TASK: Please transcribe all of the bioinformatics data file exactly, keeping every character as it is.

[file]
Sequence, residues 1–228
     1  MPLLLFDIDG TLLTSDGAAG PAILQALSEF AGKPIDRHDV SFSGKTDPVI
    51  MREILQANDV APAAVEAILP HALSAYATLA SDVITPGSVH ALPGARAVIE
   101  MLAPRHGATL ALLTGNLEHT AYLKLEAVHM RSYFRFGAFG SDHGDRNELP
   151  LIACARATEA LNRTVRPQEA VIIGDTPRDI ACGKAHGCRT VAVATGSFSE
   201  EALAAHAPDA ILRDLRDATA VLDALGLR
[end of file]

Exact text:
Sequence, residues 1–228
     1  MPLLLFDIDG TLLTSDGAAG PAILQALSEF AGKPIDRHDV SFSGKTDPVI
    51  MREILQANDV APAAVEAILP HALSAYATLA SDVITPGSVH ALPGARAVIE
   101  MLAPRHGATL ALLTGNLEHT AYLKLEAVHM RSYFRFGAFG SDHGDRNELP
   151  LIACARATEA LNRTVRPQEA VIIGDTPRDI ACGKAHGCRT VAVATGSFSE
   201  EALAAHAPDA ILRDLRDATA VLDALGLR